“By combining the proven reliability and accuracy of metallic rupture disk components with the calibrated air/gas transmission performance of the PTFE film, a dual function rupture disk device can be constructed. Normally, this permits air flow to maintain atmospheric pressure due to daily temperature changes. For safety, the disk activates at a predetermined set pressure in one or two directions [positive pressure or vacuum relief],” said Brazier.
The patent-pending, dual function, pressure equalization and relief device is ideal for use on low-pressure vessels that are often below the design limits of PED and ASME Standards.
To accommodate the size and weight limitations of many light duty atmospheric storage containers, the rupture disk is designed in an integral assembly that includes the rupture disk as well as housing. The integrated assembly is certified to perform at the desired set pressure and allows for easier installation and quick removal if the rupture disk is activated. The device is designed for installation between sanitary/aseptic fittings or traditional pipe flanges, or a custom installation configuration can be accommodated.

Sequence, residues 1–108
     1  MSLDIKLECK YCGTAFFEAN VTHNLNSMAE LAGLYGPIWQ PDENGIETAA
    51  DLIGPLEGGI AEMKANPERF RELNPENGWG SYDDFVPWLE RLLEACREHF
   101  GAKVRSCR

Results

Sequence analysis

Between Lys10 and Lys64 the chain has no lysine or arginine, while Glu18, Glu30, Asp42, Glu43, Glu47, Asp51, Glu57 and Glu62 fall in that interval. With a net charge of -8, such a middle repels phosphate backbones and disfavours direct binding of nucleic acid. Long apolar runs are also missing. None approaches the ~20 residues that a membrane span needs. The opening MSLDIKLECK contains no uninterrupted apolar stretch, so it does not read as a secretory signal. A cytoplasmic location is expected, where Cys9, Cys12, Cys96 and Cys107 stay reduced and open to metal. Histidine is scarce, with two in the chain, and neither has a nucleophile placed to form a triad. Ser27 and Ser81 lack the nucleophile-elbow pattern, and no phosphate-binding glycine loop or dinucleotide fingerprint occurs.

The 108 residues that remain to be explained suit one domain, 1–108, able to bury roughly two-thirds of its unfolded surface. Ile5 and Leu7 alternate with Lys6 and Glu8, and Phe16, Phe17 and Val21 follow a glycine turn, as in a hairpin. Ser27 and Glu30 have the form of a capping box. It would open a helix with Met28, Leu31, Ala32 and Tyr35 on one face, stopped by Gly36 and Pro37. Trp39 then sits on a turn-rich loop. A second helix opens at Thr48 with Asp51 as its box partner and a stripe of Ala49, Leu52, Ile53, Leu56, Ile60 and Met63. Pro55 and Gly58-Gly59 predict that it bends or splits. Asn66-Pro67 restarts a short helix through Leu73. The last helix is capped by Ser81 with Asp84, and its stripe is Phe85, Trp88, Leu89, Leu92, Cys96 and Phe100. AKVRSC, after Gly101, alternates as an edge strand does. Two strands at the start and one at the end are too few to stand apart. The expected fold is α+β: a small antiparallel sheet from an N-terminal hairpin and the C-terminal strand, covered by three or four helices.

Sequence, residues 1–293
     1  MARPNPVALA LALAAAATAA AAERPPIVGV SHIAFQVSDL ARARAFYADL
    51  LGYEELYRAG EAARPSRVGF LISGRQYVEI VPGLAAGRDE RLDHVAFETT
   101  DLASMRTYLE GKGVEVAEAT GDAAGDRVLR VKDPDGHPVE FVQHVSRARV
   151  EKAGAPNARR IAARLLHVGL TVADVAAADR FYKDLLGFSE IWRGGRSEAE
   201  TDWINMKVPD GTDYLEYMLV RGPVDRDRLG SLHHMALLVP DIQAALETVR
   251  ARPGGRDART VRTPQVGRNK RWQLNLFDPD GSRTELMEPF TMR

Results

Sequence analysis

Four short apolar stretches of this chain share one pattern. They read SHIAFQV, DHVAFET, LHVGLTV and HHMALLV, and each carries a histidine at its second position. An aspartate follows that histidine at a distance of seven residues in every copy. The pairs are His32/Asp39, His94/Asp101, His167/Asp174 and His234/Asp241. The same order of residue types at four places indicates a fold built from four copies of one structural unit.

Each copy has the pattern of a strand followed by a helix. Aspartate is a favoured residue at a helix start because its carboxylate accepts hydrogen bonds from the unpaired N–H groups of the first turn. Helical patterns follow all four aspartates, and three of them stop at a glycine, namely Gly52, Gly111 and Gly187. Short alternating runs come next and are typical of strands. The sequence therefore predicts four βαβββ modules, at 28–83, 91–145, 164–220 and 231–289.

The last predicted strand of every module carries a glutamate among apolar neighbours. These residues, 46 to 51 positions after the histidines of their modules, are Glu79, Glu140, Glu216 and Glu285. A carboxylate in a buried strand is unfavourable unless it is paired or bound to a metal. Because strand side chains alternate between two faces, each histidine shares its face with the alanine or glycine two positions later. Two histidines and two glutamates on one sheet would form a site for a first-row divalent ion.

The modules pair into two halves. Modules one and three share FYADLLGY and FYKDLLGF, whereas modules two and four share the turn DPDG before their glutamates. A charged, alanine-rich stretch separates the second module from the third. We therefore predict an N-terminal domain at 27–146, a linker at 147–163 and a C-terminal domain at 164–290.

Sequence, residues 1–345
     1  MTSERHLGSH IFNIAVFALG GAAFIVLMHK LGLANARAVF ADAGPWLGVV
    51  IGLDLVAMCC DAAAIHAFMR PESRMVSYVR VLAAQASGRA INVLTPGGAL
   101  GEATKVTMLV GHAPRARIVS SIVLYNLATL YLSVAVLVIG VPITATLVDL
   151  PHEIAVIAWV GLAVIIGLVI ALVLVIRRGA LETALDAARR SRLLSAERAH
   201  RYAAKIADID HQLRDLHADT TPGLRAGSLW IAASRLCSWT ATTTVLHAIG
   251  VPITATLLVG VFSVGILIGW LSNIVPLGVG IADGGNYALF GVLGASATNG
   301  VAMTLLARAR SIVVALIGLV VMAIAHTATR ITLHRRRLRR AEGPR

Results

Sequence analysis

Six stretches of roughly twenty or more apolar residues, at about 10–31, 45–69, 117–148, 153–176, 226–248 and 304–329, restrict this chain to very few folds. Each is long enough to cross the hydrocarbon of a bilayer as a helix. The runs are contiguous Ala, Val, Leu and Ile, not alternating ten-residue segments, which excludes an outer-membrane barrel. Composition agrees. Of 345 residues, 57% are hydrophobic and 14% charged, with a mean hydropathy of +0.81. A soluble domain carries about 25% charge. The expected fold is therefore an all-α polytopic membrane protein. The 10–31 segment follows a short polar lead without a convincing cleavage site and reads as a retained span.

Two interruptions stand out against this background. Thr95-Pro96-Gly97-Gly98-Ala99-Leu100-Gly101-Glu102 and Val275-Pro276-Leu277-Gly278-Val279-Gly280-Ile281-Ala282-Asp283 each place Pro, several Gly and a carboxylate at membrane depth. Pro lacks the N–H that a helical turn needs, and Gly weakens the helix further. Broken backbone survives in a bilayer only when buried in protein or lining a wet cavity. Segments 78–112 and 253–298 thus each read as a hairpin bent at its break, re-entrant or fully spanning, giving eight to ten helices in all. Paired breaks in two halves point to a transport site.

While Process Industry operators and OEMs have long relied on rupture disks in their hydraulic and pneumatic equipment, low-pressure environments susceptible to ambient temperature changes have been a challenge. Fortunately, with the availability of rupture disks that can “breathe” to provide pressure relief while still bursting open when a true overpressure condition arises, users can significantly enhance equipment safety, reliability and product quality, while reducing maintenance expense.